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Good day ! I am a physics student and not an EE so I'm quite hesitant with approaching this circuit problem. What will be the equations for this analysis? Will their be current in the red line even though the given voltages are V1 = 20V and V2 = 10V. Will V1 not overpower V2?

Two voltage sources in a circuit

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    \$\begingroup\$ No, they will not overpower because they are not in parallel because R1 is there. \$\endgroup\$ – DKNguyen Apr 14 at 21:22
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    \$\begingroup\$ This is not a homework solution service. We expect you to demonstrate that you have made a substantial effort to solve this yourself, show all of your work, and then ask a specific question. The answer to your only real question is yes, there will be current. What techniques do you know that you can apply to this? \$\endgroup\$ – Elliot Alderson Apr 14 at 21:22
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    \$\begingroup\$ Assume your bottom node is "zero" (you are allowed to do that.) Then the upper left node is known as \$V_1\$ and the upper right node is known as \$V_2\$. Since you know the voltage across \$R_1\$ (as a difference I'm sure you can work out) you can work out its current. Since you know the voltage across \$R_2\$ you can also work out its current. If there is a difference between these currents, then \$V_2\$ handles it. What's left to do? \$\endgroup\$ – jonk Apr 14 at 21:24
  • \$\begingroup\$ These are not parallel. Such a problem is easily solved by superposition. Can be solved even easier if you have some intuition about it. \$\endgroup\$ – Eugene Sh. Apr 14 at 21:26
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    \$\begingroup\$ Electrical engineering is physics; it's just a very specialized branch. Show us how far you've gotten. \$\endgroup\$ – TimWescott Apr 14 at 21:30
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You won't get far with intuitions like "Will V1 not overpower V2". You should approach such problems with rigorous equations.

First, you should find all "nodes", these are parts that are connected with ideal wires (lines) and thus have the same potential (voltage). In this case, there are three nodes: the bottom part; top-left between V1 and R1; and top-right part between R1 R2 V2.

Then you have to call one of these nodes "0 volts". Because the voltage is difference of potentials, you first have to have some reference. (it is like measuring altitude, you can tell differences easyly, but to have absolute values you need some "zero level" first)

The choice of the node with 0V potential is arbitrary, but I recommend selecting the one where the "-" of the power supply is (if the circuit is that simple).

Now, try to find voltages of all other nodes. In this case, you already know them: top left is 0V+V1=20V, top right is 0V+V2=10V.

IR1 and I? (red arrow) are marked towards the node and IR2 is heading away from it. It makes intuitive sense that whatever goes in must get out, so IR1+I?=IR2. Note, that direction of current may no be the same as the arrow. The arrow marks positive direction. If the current is flowing opposite to the arrow, it will be negative number. Always check minus signs in circuit calculations. It may be misleading to assume what the direction of current will be. Just mark one direction and result will be either positive or negative.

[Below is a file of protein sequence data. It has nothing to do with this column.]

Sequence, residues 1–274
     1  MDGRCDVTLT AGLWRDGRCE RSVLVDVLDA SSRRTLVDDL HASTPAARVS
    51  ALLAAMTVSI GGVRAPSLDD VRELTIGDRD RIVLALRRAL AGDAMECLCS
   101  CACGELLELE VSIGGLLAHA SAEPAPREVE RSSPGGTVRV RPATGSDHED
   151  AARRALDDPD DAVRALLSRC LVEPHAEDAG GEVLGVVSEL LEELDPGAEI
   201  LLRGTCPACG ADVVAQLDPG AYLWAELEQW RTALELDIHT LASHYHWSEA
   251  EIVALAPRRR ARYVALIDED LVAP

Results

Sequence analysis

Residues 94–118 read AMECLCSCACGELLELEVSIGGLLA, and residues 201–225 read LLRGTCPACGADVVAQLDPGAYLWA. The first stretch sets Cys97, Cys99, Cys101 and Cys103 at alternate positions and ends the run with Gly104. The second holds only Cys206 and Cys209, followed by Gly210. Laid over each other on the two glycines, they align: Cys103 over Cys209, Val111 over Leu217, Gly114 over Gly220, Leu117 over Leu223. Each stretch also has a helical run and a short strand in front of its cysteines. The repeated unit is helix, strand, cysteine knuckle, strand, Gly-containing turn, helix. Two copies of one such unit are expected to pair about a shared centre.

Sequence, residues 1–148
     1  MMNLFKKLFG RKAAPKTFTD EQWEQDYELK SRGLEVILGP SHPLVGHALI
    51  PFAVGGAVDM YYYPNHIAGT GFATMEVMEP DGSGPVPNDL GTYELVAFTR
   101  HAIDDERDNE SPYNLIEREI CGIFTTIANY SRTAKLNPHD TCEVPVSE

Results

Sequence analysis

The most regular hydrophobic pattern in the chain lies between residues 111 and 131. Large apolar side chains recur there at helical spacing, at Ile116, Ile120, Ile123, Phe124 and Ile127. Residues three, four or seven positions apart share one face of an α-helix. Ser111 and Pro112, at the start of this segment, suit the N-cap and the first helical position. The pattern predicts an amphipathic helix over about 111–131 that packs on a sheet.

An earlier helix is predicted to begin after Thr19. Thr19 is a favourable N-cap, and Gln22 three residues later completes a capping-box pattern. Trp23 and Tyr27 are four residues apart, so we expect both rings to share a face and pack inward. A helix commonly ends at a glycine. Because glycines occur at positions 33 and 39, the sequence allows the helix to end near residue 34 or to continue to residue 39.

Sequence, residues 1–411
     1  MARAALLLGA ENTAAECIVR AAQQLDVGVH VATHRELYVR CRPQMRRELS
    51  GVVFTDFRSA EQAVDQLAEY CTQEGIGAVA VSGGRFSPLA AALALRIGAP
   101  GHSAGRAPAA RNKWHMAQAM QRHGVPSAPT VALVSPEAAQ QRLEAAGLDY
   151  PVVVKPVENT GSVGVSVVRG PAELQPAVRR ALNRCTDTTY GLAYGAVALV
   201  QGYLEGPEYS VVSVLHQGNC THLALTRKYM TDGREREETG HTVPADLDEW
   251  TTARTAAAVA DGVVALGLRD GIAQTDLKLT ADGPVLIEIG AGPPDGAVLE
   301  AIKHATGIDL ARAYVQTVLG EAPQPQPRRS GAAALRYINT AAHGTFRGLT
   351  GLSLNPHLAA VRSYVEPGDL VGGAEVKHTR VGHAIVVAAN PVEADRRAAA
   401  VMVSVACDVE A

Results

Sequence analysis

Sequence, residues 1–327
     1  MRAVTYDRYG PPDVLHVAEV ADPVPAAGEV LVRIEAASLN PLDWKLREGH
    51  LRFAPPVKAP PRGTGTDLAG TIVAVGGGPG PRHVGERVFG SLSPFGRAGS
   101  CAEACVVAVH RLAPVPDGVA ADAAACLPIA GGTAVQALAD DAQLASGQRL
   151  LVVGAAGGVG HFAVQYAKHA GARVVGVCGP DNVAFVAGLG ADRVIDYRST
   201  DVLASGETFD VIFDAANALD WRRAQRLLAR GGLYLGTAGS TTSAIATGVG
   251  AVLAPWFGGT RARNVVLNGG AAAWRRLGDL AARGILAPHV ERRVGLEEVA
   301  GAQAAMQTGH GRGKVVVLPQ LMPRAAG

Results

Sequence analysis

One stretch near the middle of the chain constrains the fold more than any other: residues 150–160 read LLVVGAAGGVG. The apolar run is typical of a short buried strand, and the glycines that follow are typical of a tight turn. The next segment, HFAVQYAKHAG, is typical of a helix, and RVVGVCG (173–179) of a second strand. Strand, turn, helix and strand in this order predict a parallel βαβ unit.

Now you just need IR1 and IR2. You know nodes voltages, so you know voltage across resistors and calculating current is trivial. But remember to check sign: if the current is marked from higher voltage to lower, it will be positive. Otherwise negative. (that holds for components that draw power, oposite holds for power sources)

The current will be (10V-0V)/R2 - (20V-10V)/R1

There aren't exact values for R1 and R2 provided. If R1 was smaller than R2, the result would be negative number (so current flows opposite to the red arrow, in the source). This would be valid solution, it just means that V2 source is drawing power instead of supplying it (could be accumulator that is charging. In circuit analysis it simply means there is heat generated).

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    \$\begingroup\$ Re, 'you have to call one of these nodes "0 volts"' Might be worth mentioning that if you see a diagram with a ground symbol, that means the person who drew the diagram chose that node to be the 0 Volt node. And, if you want to take it a step further, you could mention that whenever there's more than one ground symbol, then they're all implicitly tied together. \$\endgroup\$ – Solomon Slow Apr 15 at 1:04
  • \$\begingroup\$ Thank you! There was no R values provided I'm assuming because it's just an example to help us work in theory for circuit analysis. \$\endgroup\$ – taylor-series Apr 15 at 6:31
  • \$\begingroup\$ Please don't provide answers to obvious homework problems. The OP needed a nudge, and you provided that, thank you. But don't feel like you need to press on and provide the complete and final answer. This site will be flooded with homework questions if we do that. \$\endgroup\$ – Elliot Alderson Apr 15 at 11:43

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